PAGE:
Coalition reveals Citizens Advice and TPAS as pension guidance providers under ëGuidance Guaranteeí

As part of its Pensions Upheaval, the Coalition has revealed the services to whom retirees can turn for free face-face guidance over the new pension rules.

The Citizenís Advice Bureau (CAB), an independent charity, will provide free, objective advice to anyone of pensionable age at agencies up and down the nation, with the government-subsidised Pensions Advisory Service (TPAS) offering counsel via a telephone service.

Announced in the budget earlier this year by George Osborne, the new rules are intended to provide pensioners with greater awareness and freedom on how to manage their savings. Osborne has stated his intent for pensioners to be self-sufficient when it comes to the handling of their pension pots, stating that this is ìkey to our long term economic planî.

The new rules offer over-55s greater flexibility with regard to accessing their pension pots, enabling them to use their savings to aid relatives or pursue whims as they please. Additionally, the 55% rate of tax levied on any pension savings left to children or grandchildren has been brought to an end. These are just two of the key new rulings brought in by the chancellor, whose pensions reforms have been widely commended.

Dr Ros Altmann, pensionís expert, said: ëThe Governmentís changes have the potential to help millions of pension savers make better use of their pension funds. Being free to access their money freely as they need to, rather than being forced to buy particular products, will be very popular.í

However, the scale of reform is vast and possibly perplexing for many people approach pensionable age; for the potential Altmann highlights to be realised, this advisory service is key. Termed the ëGuidance Guaranteeí, the scheme allows savers, possessing a defined contribution pension, the legal right to a free session on what options are available to them. Coming into action in April 2015, it is hoped the free advice will enable elderly folk to be acutely aware of the details of the new rules, such as the cessation of obligated annuities.

“These organisations have years of experience dealing with a variety of consumer issues and are well placed to be accessible to everyone who reaches pension age and feels they would benefit from the guidance:” said George Osborne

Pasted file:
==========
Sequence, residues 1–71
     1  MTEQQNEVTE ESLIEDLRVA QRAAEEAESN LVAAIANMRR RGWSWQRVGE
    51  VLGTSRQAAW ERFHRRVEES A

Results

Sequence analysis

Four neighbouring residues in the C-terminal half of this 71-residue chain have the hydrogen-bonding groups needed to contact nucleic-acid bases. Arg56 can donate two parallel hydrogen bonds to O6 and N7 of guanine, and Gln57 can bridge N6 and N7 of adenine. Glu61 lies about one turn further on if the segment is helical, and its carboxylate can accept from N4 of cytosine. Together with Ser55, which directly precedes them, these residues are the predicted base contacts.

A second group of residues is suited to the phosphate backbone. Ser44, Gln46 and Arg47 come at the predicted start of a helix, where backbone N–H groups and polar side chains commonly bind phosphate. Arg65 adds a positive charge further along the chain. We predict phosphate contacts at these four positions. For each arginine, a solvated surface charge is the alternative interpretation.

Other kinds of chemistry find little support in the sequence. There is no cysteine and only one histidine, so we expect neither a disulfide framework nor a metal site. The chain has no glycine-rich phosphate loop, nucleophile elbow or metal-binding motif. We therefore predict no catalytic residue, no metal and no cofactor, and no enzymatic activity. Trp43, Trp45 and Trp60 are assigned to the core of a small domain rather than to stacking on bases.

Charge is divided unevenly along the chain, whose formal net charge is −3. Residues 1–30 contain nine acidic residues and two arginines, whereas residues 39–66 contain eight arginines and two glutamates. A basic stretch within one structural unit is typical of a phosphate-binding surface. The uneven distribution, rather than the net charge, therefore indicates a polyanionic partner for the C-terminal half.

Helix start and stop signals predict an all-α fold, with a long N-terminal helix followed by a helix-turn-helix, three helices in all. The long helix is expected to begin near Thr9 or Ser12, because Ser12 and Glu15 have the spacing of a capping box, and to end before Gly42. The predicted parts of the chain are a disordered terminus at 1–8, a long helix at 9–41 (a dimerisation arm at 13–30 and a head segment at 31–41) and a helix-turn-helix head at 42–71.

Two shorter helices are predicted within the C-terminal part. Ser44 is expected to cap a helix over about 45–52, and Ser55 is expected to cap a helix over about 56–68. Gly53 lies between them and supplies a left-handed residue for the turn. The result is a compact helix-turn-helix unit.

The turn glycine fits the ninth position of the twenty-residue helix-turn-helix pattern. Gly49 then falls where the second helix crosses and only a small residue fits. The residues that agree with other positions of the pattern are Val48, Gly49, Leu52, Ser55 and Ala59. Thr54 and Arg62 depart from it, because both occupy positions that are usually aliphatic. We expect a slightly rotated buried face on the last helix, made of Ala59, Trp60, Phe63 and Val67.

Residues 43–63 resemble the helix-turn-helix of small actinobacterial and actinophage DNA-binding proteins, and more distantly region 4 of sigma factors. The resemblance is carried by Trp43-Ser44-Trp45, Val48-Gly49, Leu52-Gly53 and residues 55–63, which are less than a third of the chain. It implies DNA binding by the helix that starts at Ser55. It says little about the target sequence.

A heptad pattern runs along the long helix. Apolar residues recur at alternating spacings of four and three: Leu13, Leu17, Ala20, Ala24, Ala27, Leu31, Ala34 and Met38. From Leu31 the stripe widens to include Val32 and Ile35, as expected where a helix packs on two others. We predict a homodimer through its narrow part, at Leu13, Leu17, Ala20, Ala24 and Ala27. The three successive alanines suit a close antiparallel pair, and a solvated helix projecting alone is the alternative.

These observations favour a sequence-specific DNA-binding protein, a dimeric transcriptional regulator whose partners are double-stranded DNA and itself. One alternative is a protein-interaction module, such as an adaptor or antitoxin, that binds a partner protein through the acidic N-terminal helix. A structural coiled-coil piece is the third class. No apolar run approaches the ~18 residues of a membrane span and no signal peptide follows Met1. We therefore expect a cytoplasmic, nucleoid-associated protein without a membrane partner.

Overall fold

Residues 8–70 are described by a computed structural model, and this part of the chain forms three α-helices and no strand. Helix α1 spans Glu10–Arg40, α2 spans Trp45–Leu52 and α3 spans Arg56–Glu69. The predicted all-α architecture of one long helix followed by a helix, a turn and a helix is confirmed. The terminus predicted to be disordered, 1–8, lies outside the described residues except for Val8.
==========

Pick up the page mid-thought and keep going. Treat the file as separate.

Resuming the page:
ìThis is a big step forwards in ensuring the pension revolution announced in the Budget will have a meaningful impact on pension savers:î asserted Dr. Altmann.

ìBoth the Pensions Advisory Service and Citizens Advice have longstanding experience in helping the public with financial issues; and it is really important that people do trust the scheme, other they remain at risk of stumbling into poor decisions.î

Citizens Advice chief executive Gillian Guy lauded the notion of accurate counsel guiding pensioners toward financial stability and peace of mind in their later years.

“People who have diligently saved year after year towards their retirement deserve to choose how to make the most of their pension pot and good guidance is central to helping people make the right decisions for them.”

The Money Advisory Service ñ A surprise absence?

As valuable as the free advice sessions could prove to be when they come into play next April, one notable absentee is the highly regarded Money Advice Service (MAS), as the government chose to exclude them from its list of pension advice providers.

Although touted as one of the main contenders, the government has omitted the MAS from any legislature, even in an online capacity, with the government designing its own online service as part of the ëGuidance Guaranteeí scheme.

MASí chief executive, Caroline Rookes, spoke graciously on the MASí omission: ìWe are pleased that we are at the heart of the delivery team, working to develop the new guidance service. Our experts are seconded into HM Treasury, playing a key role in helping to build the online part of the service and develop the guidance which will be provided to customers. The Treasury have made it clear how much they value the contribution we are making.

ìAt the MAS we are developing more extensive help for people aged 55 and over, to supplement the support they will get from the new guidance service. This will include help on budgeting for retirement, guidance on the different options and products available and a new annuities comparison table.

Critics have appeared disillusioned with the governmentís choice however, which is believed to have been made on the back of Treasury select committee chair, Andrew Tyrieís comments questioning the suitability of the MAS as candidates back in July.

ìAs the large well-funded organisation in this field, you would have expected them to be the lead partner in the delivery of this important ëmoney adviceí service, co-ordinating the activities of the other smaller bodies,î said Malcolm McLean, senior consultant at Barnett Waddingham, pension consultancy firm.

Mr Mclean, a former chief executive at TPAS, lamented the potential strain on his former company, questioning their ability to perform the duties now expected of them.

ìIt means that a considerable burden now falls on TPAS. They have the knowledge and experience to do this task, but not the resource capacity currently to handle the numbers of cases that may well come their way over a short period of time.î

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